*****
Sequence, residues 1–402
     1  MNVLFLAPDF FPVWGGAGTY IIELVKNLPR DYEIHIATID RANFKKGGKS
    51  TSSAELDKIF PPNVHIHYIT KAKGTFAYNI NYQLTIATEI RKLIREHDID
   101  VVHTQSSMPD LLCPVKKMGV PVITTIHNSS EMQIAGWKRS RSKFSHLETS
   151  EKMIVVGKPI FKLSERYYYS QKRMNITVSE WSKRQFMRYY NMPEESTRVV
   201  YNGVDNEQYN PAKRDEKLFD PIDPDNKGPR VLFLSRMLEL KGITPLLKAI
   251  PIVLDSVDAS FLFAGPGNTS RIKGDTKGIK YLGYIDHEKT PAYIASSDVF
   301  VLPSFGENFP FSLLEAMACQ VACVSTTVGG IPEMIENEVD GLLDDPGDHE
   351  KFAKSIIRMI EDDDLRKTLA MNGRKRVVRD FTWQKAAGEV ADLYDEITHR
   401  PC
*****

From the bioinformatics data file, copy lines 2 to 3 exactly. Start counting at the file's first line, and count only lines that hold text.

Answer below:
     1  MNVLFLAPDF FPVWGGAGTY IIELVKNLPR DYEIHIATID RANFKKGGKS
    51  TSSAELDKIF PPNVHIHYIT KAKGTFAYNI NYQLTIATEI RKLIREHDID